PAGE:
Social Mediaand Our Young

In recent years the rapid proliferation of social media has transformed the way our children interact with the world, their families and their education.

Platforms like TikTok and YouTube have become integral parts of the daily lives of our children, overshadowing traditional educational activities.

This shift has had profound implications for their cognitive development and academic performance, a concern that resonates deeply with many parents, including myself as I observe my nine-year-old daughter showing little interest in her school work due to excessive social media and digital distractions.

Excessive screen time has shown reduced attention spans and lower academic achievement.

Because of social media our children have stopped engaging in active and critical thinking. Instead they are absorbing information in a way that does not stimulate their cognitive faculties as effectively as reading or problem-solving activities.

For my daughter this means that the hours spent in front of the television are hours not spent on homework, reading or other intellectually enriching activities.

The immediate rewards offered by these platforms can make schoolwork seem dull.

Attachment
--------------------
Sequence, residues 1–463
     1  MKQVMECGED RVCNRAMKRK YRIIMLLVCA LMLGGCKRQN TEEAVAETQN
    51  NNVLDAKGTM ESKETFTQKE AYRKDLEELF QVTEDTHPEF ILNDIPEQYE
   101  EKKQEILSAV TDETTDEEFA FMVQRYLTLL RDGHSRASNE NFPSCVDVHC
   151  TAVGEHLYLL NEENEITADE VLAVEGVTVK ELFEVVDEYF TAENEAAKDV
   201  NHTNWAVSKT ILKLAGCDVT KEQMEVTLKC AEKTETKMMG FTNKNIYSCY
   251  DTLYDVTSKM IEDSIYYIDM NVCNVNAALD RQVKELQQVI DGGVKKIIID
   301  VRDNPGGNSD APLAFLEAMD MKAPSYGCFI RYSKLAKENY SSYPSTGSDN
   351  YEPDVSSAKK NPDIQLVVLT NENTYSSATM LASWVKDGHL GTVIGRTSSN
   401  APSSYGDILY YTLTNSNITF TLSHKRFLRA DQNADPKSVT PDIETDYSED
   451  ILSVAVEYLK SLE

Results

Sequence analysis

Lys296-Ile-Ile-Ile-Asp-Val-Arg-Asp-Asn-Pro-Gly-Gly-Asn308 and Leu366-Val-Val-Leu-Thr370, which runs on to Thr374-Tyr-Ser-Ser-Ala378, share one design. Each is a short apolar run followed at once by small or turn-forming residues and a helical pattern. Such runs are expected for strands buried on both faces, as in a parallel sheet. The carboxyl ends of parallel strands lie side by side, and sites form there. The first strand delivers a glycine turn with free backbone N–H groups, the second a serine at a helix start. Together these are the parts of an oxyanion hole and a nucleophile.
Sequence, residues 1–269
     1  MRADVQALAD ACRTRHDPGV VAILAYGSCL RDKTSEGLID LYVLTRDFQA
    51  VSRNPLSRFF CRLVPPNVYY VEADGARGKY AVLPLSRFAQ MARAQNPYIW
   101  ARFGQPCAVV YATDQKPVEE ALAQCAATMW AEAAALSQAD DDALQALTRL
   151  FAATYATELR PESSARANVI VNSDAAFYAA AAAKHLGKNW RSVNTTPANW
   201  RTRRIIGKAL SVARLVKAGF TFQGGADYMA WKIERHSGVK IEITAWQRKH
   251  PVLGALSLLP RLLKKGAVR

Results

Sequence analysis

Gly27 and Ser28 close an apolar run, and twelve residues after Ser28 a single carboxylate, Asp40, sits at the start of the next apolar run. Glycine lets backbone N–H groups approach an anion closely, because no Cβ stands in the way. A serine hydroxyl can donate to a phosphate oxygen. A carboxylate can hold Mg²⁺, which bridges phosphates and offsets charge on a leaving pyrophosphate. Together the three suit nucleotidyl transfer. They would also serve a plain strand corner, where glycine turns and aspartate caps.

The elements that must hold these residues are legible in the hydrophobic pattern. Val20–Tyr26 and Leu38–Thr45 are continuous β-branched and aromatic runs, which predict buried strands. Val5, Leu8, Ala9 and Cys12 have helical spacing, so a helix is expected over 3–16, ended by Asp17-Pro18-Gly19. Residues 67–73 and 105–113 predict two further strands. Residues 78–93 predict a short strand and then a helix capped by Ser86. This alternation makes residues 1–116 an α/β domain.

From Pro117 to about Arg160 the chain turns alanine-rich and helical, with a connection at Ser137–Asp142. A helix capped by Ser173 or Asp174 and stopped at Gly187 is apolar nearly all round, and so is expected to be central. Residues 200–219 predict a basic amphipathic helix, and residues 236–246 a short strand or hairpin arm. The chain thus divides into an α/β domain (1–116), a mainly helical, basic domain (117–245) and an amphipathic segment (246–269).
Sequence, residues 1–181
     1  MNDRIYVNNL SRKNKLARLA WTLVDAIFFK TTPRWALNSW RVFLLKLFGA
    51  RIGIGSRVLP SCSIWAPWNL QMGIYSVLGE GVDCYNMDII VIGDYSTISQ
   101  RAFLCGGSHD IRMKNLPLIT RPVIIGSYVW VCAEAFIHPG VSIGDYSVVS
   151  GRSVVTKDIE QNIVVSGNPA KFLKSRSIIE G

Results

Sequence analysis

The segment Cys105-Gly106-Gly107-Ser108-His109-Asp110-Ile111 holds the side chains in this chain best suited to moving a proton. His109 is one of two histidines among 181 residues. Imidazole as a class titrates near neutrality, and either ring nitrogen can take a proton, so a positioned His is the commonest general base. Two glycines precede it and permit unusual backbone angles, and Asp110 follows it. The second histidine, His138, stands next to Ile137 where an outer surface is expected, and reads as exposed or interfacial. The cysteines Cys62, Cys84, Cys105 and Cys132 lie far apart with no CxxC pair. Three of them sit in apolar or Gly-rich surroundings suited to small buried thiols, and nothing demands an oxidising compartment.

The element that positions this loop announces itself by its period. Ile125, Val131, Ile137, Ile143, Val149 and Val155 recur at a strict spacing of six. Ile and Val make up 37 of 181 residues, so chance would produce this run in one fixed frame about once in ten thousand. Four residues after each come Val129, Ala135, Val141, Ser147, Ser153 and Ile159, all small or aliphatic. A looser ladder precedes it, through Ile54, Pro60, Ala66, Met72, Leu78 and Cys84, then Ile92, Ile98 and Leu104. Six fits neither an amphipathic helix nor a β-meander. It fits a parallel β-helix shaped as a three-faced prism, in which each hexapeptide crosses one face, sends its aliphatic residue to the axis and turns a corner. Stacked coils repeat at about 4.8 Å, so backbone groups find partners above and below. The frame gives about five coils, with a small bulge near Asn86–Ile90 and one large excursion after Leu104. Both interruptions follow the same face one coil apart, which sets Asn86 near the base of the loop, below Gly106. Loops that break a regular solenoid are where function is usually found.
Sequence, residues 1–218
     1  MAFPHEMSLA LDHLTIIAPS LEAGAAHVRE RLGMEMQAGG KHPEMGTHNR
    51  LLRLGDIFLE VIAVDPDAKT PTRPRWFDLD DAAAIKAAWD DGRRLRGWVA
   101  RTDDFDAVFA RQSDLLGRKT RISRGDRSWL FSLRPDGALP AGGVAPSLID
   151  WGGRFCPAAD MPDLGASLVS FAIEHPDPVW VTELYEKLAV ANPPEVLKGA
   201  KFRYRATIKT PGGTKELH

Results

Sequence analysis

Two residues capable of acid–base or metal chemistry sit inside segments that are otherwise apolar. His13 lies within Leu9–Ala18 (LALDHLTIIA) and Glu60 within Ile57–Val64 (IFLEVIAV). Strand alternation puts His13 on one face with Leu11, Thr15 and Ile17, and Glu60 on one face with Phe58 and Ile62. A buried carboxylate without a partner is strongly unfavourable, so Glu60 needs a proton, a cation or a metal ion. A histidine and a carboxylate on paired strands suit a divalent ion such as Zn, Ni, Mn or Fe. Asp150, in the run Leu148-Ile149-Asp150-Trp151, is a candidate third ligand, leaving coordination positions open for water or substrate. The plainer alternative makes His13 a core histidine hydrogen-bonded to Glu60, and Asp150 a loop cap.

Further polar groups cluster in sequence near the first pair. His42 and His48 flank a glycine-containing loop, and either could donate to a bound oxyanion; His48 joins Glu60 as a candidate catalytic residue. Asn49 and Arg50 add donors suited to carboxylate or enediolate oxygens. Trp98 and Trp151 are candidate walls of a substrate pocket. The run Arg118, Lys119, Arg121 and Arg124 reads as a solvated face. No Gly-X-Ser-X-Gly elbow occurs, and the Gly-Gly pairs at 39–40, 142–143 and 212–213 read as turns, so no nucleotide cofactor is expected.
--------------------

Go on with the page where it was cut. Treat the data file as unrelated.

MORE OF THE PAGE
This shift in priorities can undermine the intrinsic motivation to learn and succeed academically. A survey conducted by the Royal Society for Public Health asked 14 to 24-year-olds in the United Kingdom how social media platforms impacted their health and well-being.

The survey results found that these platforms all led to increased feelings of depression, anxiety, poor body image and loneliness. Enough of blaming the child. The question is what can we as parents do to minimise the risk associated with this foolish technology.

Is it not to curtail our own consumption first? I think it is up to us parents to set a good example of what healthy device usage looks like. Most of us check our phones way too much.

Our children should be used to seeing our faces, not our heads bent over a screen. They need to be assured that we are available to help them with their problems, talk about their day, or give them a reality check. It is the mini- moments of disconnection that dilute the parent-child relationship.

Lastly, the pervasive influence of social media on our children’s behaviour and education is a growing concern, but is not insurmountable.

Therefore, by understanding the impact of these technologies on our children’s development and academic performance and by implementing strategies to mitigate their negative effects, we can help our young ones navigate the digital landscape more effectively.

Through these efforts, our children can then learn to balance their digital lives with their responsibilities and develop into respectful, well-rounded adults.

As for my daughter and many young children out there, my plea is for us parents to steer them in the right direction now.

Time is of the essence.

Junias Ekandjo

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